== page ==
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A look back on Dubai Film Market

Dubai Film Market

The fifth Dubai International Film Festival held in December 2008 introduced an important new component, the Dubai Film Market. To date Dubai has been among the Emirates the fastest growing tourist and business destination and has invested billions of dollars into establishing a state of the art communications and media infrastructure. This includes a film sector for which the Dubai Film Festival and the Dubai Film Market are essential ingredients, not to speak of the imminent opening in Dubai of the largest film studio in the middle east region.
As distinct from other Film market such as the European Film Market during the berlinale, Dubai’s new market was rather relaxed and given the use of the latest exhibition technology, Cinetech, most users friendly. Further exhibitors were not obliged to rent at normally great expense the customary stands to show their productions. Rather they relied on the digital interactive market set up which permitted on demand screening of a digital library of 211 films , mostly of 2008 vintage, and instant internet communication with distributors and other rights holders. Of these titles 136 were featured also at the Film Festival (Premium Content), 52 were ‘marfket recommended’ and 25 originated in the Gulf states.
A market lounge permitted networking among market attendees. 444 professionals registered for the market where more than 1300 individual screenings took place. Features produced in the middle east including Palestine were clearly the most popular ones, though 131 of the submitted films originated in other areas. Thus POMEGRANATS AND MYRRH (Palestine), MASQUERADES (Algeria/France), CASA NEGRA (Morocco), BLACK NATION (Canada/Sweden), and my favorite the superb EYE OF THE SUN (Egypt) were the top five most viewed Cinetech films.
In most film markets screenings area accompanied by interpersonal contacts between buyers and sellers, yet the high tech approach of the Dubai Film Market minimized the need for such meetings and only 68 were arranged over the six day length of the market. It remains to be seen if the relative absence of personal contact between buyers and sellers which the cinetech approach fosters is an impediment to sales. After all in most sales transactions such close contact is considered to be essential. The Dubai Film Market may want to consider to provide space to exhibitors in future editions.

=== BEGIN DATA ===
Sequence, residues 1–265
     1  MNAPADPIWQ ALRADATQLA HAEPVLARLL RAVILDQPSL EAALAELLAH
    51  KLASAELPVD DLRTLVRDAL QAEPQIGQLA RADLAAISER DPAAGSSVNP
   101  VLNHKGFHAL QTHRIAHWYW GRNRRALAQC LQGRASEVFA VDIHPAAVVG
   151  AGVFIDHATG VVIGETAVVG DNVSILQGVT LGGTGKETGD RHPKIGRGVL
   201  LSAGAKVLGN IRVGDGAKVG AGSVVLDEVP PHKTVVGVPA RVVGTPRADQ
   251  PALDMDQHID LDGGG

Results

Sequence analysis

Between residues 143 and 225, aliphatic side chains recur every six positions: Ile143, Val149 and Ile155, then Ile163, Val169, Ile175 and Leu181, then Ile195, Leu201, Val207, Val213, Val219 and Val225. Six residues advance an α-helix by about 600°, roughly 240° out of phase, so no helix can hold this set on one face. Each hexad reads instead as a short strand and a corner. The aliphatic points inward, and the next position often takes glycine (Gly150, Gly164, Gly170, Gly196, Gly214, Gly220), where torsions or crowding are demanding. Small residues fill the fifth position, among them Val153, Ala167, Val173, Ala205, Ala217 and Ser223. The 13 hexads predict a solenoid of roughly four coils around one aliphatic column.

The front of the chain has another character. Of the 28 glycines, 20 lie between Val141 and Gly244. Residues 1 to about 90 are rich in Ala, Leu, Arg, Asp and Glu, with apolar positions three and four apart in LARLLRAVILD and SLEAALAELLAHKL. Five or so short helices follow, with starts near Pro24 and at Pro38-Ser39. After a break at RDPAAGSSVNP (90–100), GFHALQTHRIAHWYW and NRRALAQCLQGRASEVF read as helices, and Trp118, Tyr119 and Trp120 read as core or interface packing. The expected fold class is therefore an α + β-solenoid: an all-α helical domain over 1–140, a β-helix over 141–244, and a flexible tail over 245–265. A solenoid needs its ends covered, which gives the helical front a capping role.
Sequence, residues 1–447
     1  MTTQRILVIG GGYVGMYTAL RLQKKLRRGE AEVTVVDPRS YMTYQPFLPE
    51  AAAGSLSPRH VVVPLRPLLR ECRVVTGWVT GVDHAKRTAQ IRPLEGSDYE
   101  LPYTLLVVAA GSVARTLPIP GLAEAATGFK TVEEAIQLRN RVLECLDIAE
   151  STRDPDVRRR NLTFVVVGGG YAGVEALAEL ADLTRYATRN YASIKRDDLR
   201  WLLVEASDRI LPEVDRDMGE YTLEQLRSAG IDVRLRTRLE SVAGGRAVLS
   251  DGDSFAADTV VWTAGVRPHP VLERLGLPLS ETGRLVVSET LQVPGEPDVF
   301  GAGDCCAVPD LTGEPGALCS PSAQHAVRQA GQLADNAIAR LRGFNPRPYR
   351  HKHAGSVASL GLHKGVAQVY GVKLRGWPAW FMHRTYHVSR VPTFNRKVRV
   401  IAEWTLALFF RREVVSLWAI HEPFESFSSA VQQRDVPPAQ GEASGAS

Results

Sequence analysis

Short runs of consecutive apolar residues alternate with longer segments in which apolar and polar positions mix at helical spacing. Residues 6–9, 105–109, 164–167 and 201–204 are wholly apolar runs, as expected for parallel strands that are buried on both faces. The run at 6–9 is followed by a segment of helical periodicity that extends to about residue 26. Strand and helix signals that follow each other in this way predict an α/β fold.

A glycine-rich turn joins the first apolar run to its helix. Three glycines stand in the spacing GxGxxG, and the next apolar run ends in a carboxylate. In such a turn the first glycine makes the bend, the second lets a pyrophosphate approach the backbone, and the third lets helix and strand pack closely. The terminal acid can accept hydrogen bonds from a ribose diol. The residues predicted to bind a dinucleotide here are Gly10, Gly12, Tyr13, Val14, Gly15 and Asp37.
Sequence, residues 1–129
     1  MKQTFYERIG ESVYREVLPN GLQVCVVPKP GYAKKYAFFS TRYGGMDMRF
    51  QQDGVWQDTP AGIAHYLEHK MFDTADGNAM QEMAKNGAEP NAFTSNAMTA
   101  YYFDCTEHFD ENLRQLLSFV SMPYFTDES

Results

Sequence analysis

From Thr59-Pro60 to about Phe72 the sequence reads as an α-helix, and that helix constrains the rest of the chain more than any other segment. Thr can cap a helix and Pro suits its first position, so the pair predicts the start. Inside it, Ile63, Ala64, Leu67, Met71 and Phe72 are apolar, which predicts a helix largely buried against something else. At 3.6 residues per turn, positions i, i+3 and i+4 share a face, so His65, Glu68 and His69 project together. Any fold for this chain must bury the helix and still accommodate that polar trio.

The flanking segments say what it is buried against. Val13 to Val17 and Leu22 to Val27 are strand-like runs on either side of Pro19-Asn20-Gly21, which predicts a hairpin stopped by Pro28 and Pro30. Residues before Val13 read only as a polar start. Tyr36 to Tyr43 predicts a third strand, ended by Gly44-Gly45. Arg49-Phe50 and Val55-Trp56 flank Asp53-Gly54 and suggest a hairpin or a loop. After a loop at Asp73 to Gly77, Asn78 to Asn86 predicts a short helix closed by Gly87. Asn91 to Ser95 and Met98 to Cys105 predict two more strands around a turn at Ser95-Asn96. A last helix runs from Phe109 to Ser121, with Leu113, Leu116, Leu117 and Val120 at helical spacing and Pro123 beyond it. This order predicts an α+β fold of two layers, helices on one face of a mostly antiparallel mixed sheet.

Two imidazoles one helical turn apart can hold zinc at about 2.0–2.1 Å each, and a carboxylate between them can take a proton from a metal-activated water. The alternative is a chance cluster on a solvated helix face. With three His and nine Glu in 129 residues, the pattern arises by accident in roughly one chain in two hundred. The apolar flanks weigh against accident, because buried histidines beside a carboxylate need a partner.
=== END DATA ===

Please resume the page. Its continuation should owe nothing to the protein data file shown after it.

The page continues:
In questionnaires market participants reported 93 potential acquisitions. Among deals in negotiation are the acquisition by the Iranian IRIB TV of numerous Cinetech titles, the purchase of fiction and documentary films by Shorts International (UK) for a program about Arab Cinema, SBS Tele vision ( Australia) pursuit of Cinetch films for a World Cinema Program, and Latido’s (Spain) acquisition of films for theatrical release in Europe.

What sets the Dubai Film Market also apart is the absence of charges for participation and entries of films. Accreditation was free whereas for example a fee of $375 has to be paid for a badge to the 2009 European Film Market. Another striking point about the market is that numerous participants apparently attended as guests of official agencies, that is the Dubai Film Market, the Dubai Film Connection, and the Dubai Film Festival, thus had their lodging and transportation paid for. I could not get exact figures yet in other film markets one rarely comes across individuals who come as paid guests. On the other hand, starting a film market requires initially a generous hospitality to leave an imprint, though eventually chargers will be necessary. After all, what one has to pay for is taken more seriously.
My next Dubai Market piece will feature an interview with its director Ziad Yaghi

Claus Mueller
New York Correspondent

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